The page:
I remember getting the call from my mom a few years ago; at age 58, she had been diagnosed with osteopenia, the precursor to osteoporosis. “And your aunt has it too … you better watch out,” she warned. There are many factors that contribute to the weakening of our bones as we age: poor nutrition, genetics, smoking and lack of exercise, to name a few. But a new study tells us that a yoga practice can not only help prevent these crippling conditions — it actually builds the bones back up! Here’s how to use the 72-second rule plus photo and video how-to’s for two yoga moves to help you build bone density.
In early March, I attended a Yoga Therapy conference in Los Angeles, www.sytar.org. Dr. Loren Fishman and his study partner Ellen Saltonsall presented the most compelling information about this killer disease. They emphasized that bones need STRESS (no, not the anxiety building kind) to maintain strength. Yoga poses act on the bones by “applying forces of opposing muscle groups to them that greatly exceed gravity, stimulating bone cells (osteocytes) to create more bone.” They also suggest that yoga greatly improves arthritic joints by circulating synovial fluid, and stimulating all of the connective tissues around the joints, helping to mobilize these stagnant tissues.
The 72 Second Rule
Fishman then said that there is a magic number to initiate this process of new bone growth. 72 seconds. Yes, you must hold your pose for 1 minute and 12 seconds to reap the benefits. This should be approached gradually, as building up the strength to maintain a pose for 72 seconds may take months — but it will be well worth it. Plus, you will be rewarded with less stress (the anxiety-producing kind) and improved breathing, sleep and coordination. You have nothing to lose … and you can gain bone density!
Before she began studying Yoga Tune Up® with me at Equinox in Santa Monica, 57-year-old Judy came to me with doctors’ orders to begin practicing yoga because of her newly diagnosed condition: osteopoenia. In a year, she made significant changes in her posture and health. Although Judy’s progress came to a screeching halt in February when she suffered a terrible skiing accident and fractured her pelvis and collar bone, her improved bone condition has helped her heal quickly from what could have been tragic.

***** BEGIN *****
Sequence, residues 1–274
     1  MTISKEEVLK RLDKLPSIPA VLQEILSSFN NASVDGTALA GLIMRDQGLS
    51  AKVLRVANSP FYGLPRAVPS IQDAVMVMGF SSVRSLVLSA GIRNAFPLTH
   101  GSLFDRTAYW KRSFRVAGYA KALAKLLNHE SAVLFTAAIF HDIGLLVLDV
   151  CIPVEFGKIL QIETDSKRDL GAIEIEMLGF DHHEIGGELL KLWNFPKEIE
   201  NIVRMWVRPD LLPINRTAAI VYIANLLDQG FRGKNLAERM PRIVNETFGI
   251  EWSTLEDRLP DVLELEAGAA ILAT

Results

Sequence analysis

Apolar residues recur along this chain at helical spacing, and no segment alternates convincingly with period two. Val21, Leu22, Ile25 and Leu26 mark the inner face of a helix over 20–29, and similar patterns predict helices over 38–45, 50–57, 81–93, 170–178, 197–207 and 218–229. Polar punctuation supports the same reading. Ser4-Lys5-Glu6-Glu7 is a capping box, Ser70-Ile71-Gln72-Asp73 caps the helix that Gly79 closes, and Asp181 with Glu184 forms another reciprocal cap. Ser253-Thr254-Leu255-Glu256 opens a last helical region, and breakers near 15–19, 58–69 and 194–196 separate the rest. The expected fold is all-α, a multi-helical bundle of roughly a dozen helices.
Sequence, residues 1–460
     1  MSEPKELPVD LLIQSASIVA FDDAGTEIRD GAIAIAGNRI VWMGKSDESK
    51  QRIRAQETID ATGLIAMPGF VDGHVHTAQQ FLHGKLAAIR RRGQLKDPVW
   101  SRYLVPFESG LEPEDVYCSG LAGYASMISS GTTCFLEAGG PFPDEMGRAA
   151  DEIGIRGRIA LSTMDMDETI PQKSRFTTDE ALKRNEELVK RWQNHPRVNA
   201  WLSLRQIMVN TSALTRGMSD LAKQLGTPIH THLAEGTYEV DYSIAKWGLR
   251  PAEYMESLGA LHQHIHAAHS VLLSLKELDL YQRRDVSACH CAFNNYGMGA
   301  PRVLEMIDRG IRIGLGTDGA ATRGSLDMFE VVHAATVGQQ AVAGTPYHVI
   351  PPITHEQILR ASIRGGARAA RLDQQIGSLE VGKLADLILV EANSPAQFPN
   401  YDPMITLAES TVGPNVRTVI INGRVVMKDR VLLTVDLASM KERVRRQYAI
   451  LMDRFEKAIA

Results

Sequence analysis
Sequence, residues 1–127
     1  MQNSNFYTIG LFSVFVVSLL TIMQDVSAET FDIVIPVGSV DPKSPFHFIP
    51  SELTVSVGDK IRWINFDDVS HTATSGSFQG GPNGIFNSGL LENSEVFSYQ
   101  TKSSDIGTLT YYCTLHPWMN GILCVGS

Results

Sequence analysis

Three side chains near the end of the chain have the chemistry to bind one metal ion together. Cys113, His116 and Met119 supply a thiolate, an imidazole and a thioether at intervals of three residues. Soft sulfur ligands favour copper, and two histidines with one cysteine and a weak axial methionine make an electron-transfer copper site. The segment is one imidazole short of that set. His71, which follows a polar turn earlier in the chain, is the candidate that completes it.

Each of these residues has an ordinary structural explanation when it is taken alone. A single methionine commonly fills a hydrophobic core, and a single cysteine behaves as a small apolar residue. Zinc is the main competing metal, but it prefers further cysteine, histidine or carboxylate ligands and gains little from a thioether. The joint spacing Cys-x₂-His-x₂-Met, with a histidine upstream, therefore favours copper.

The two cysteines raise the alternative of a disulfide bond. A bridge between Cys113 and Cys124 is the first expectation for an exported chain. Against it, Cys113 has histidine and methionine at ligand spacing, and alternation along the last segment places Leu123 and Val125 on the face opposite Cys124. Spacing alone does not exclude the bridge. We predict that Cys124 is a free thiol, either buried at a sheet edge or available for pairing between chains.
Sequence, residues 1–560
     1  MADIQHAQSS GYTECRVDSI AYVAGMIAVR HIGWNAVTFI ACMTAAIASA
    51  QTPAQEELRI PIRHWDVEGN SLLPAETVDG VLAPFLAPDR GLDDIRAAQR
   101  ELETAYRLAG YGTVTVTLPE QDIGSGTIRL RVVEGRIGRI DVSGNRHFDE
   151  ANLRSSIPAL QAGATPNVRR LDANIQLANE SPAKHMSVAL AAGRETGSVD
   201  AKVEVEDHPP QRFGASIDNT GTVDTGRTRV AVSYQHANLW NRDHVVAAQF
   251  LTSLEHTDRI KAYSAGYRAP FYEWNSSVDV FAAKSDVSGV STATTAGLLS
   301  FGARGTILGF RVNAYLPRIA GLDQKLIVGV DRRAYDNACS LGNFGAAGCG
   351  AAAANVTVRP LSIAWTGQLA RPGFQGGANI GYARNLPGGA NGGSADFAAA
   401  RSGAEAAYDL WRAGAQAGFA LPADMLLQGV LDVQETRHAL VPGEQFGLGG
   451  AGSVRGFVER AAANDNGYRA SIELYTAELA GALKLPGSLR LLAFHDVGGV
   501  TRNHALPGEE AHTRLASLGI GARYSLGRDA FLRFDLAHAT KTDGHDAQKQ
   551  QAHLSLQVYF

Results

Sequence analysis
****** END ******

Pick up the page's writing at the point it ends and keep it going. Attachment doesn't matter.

“My recovery from the multiple pelvic fractures has been remarkable,” Judy says. “I attribute this to my ‘core strength’ that has improved a lot from taking your classes. I was able to get in and out of bed on my own four days after I fell, and was able to drive after two weeks. Each day I had so much more strength and mobility than the day before, and I was dancing after four weeks! I also think that I am much more aware of my body and how to isolate and work different parts of it which has helped in my physical therapy.”
Judy’s progress has been off the charts in part because she has “banked” a lot of new bone in her body over the course of the past year, priming her tissue to quickly and easily repair the damage caused by the accident. In this picture, she is performing a supported version of “Leg Stretch #2″ at the wall, where she can push her strong legs into the wall for 72 seconds without placing too much undo stress on other parts of her body. Voila!
Hey Mom, this Stretch Is for You! Safe Spinal Therapy
Try this gentle seated side bend from my new Yoga for Weight Loss DVD. It has all of the components of a healthy stretch for the spine. This will lubricate your vertebrae and tone the finer muscles of your spine, as well as open the ribs and abdominal obliques. This is a perfect stretch to begin a safe therapeutic exercise practice that can help you keep your bones healthy for a lifetime, and it can also be included as one alternative therapy for arthritis sufferers.
When beginning any type of physical practice, please always consult your personal physician. For more info on Dr. Loren Fishman see Sciatica.org. And for superior care of any related injuries or conditions that need some extra attention, please visit my favorite Physical Therapists: in Los Angeles, Sean Hampton of ADI Rehab, and in NYC, Shmuel Tatz, creator of Bodytuning.